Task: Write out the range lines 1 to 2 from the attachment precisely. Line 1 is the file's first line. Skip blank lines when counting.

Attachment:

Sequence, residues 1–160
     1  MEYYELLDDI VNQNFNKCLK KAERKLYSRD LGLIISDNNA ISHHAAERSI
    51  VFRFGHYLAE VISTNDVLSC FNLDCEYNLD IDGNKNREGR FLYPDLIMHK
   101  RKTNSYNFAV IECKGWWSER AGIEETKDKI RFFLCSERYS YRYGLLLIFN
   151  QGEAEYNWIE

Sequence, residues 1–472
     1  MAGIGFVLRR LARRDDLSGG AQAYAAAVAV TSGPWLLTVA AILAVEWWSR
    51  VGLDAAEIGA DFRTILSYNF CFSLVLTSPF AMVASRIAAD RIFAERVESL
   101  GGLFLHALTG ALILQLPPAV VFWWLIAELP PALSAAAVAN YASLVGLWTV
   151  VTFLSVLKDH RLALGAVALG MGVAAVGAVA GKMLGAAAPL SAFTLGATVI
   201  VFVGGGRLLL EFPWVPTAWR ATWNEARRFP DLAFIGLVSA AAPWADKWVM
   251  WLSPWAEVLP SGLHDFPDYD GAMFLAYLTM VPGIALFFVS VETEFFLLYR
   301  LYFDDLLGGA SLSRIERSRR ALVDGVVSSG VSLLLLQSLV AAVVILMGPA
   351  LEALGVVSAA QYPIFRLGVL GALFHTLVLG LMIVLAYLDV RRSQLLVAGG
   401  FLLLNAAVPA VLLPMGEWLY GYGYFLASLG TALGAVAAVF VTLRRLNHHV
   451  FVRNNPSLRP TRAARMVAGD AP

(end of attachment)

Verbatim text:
Sequence, residues 1–160
     1  MEYYELLDDI VNQNFNKCLK KAERKLYSRD LGLIISDNNA ISHHAAERSI